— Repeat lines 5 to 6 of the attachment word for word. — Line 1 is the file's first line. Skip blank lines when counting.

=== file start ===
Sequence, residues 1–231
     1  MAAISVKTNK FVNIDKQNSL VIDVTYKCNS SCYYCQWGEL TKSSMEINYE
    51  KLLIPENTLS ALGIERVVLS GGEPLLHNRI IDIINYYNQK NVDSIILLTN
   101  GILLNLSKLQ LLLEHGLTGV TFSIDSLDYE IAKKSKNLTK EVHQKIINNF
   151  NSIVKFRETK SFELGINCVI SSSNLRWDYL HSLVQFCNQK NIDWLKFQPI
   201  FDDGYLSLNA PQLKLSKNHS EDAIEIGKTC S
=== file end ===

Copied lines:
   151  NSIVKFRETK SFELGINCVI SSSNLRWDYL HSLVQFCNQK NIDWLKFQPI
   201  FDDGYLSLNA PQLKLSKNHS EDAIEIGKTC S